In March/April I visited Colombia in South America and Panama and Costa Rica in Central America. The Colombia visit was organized by Zaia Travel, Colombia. The organization was well done, I can recommend the tour organizer.
I flew into Bogotá, where I stayed for the first night in La Candelaria.
The next morning I had some time to walk around La Candelaria. Efforts are being made to restore this neighbourhood and it shows. There are a lot of nicely restored houses in La Candelaria.
From Bogotá I flew to Leticia in the far south of Colombia on the Amazon river. It was the rainy season, so much of the forest is flooded, transportation is exclusively by boat. I took a motor boat along the Amazon close to the Marashá Reserve. The reserve is actually located in Peru, but there are no border formalities to observe.
The last part of the transfer was on a row boat, where we started birdwatching. I stayed at the lodge for two nights. The lodge is located on a private lake, very scenic, with lots of wildlife around it. We did an evening excursion after arrival, and two long excursions the next day, extending into the night. After the second night we took the row boat back to the Amazon, then a scheduled commercial boat to Calanoa, where I stayed in the Calanoa Jungle Lodge for two nights. After arrival we did a walking tour through the village. The next day we took a motor boat to Lake Tarapoto, where we saw the Amazon River Dolphin (Pink River Dolphin) and the Tucuxi (Grey River Dolphin). On the way back to the lodge we visited one of the large islands in the Amazon, where I saw both a two-toed sloth and a three-toed sloth, plus several interesting birds. It was a great day for animal watching.
After the second night in Calanoa we took the scheduled commercial boat on the Amazon back to Leticia. I flew from there to Neiva, where my new guide picked me up. I stayed there for a night. The next morning we did birdwatching in the Tatacoa Desert. We then drove to San Agustín, where I stayed for two nights. My itinerary had me stay there for only one night, and the next night in Tierradentro. Unfortunately, there were violent protests in that area and the road from San Agustín to Tierradentro was blocked, so we had to change the itinerary. It was unfortunate that I missed the visit to Tierradentro, but the visit to San Agustín was fantastic.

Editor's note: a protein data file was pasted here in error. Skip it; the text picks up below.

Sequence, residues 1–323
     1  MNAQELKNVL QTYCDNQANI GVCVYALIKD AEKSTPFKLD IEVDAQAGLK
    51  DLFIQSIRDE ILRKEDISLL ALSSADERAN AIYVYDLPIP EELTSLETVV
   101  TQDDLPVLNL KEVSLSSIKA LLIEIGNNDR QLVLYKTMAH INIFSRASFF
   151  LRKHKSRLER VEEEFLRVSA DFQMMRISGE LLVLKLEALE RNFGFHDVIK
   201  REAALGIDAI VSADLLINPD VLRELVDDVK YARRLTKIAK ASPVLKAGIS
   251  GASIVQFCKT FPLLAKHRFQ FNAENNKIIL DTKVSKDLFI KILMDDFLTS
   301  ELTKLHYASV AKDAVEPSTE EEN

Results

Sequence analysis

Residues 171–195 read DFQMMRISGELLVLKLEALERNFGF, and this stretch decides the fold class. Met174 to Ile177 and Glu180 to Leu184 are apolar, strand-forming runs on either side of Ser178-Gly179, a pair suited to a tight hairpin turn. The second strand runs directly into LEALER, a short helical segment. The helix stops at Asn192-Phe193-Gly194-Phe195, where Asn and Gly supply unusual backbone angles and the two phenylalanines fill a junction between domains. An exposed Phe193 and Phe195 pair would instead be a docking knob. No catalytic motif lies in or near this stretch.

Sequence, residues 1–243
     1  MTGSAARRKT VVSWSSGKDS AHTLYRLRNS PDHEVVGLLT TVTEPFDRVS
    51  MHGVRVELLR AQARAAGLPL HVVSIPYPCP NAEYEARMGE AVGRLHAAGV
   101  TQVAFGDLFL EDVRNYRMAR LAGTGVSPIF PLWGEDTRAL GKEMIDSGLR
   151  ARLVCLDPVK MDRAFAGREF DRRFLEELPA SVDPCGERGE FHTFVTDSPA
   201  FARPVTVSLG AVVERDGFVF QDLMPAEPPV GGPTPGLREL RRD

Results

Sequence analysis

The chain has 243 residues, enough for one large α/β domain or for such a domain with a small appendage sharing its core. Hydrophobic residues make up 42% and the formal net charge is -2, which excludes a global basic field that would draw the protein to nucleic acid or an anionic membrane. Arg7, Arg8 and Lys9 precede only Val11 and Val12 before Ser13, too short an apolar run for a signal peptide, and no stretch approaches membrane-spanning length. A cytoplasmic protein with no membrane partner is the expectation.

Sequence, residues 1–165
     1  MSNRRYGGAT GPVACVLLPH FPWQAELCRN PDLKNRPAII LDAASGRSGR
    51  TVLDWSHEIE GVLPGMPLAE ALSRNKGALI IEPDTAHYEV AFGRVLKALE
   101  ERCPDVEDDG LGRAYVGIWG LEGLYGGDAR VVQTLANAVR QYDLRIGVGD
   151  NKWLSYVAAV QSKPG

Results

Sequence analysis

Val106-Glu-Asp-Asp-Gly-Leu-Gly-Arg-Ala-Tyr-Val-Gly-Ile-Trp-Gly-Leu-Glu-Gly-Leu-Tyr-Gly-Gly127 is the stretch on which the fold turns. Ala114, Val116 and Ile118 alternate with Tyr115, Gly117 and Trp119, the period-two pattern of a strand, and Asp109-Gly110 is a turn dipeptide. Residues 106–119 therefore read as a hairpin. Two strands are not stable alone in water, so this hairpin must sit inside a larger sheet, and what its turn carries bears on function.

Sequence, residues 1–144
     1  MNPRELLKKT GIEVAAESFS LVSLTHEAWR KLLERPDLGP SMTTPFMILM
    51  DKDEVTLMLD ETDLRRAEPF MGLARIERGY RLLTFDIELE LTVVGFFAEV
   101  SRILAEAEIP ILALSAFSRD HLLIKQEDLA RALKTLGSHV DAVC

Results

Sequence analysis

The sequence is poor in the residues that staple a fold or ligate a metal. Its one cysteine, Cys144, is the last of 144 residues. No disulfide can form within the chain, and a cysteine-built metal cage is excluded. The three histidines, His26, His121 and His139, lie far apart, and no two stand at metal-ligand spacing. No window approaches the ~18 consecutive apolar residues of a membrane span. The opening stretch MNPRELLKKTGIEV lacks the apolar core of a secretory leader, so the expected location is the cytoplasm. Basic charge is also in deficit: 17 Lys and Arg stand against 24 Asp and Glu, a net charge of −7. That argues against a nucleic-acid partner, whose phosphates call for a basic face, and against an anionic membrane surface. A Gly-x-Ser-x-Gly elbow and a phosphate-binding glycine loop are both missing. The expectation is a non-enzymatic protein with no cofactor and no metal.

The San Agustín civilization is not well known. It doesn't have a name. They left numerous impressive large stone statues around their grave sites. The oldest signs of occupation date back to about 3,300 BCE, the statues date from 10th century BCE to the 7th century CE. It is well worth a visit.
After the two nights in San Agustín we drove back to Neiva for another night. The next day I flew back to Bogotá for two nights. In Bogotá I did a city tour with visits to Monserrate and the Gold Museum. The Gold Museuom is fantastic, a must-see if you visit Bogotá.
The next day my tour in Colombia ended, I contiued on to Panama.
The Amazon area in Colombia is great for wildlife watching. Don't let the rainy season deter you from visiting. You can see lots of wildlife from a boat going through the floating forest. I was lucky, it rained only once while I was there, in the eraly afternoon between excursions. As I understand it, the rains are usually afternoon thunderstorms that don't last very long.
San Agustín is definitely worth a visit. The stone statues there are impressive. From what I understand, Tierradentro is worth visiting as well, unfortunately it didn't work out for me.
Bogotá has some interesting parts. The mountain Monserrate is worth a visit, and La Candelaria is a nice neighbourhood. I felt safe around La Candelaria, I don't know how it is in other areas.
I had a good time in Colombia, I enjoyed my visit.
All pictures are © Dr. Günther Eichhorn, unless otherwise noted.
The total number of pictures online on my website from Colombia is 567
Page last updated on Wed Jun 12 01:30:48 2019 (Mountain Standard Time)
Colombia - A forgotten Pre-Columbian Civilization and the Amazon Rainforest on aerobaticsweb.org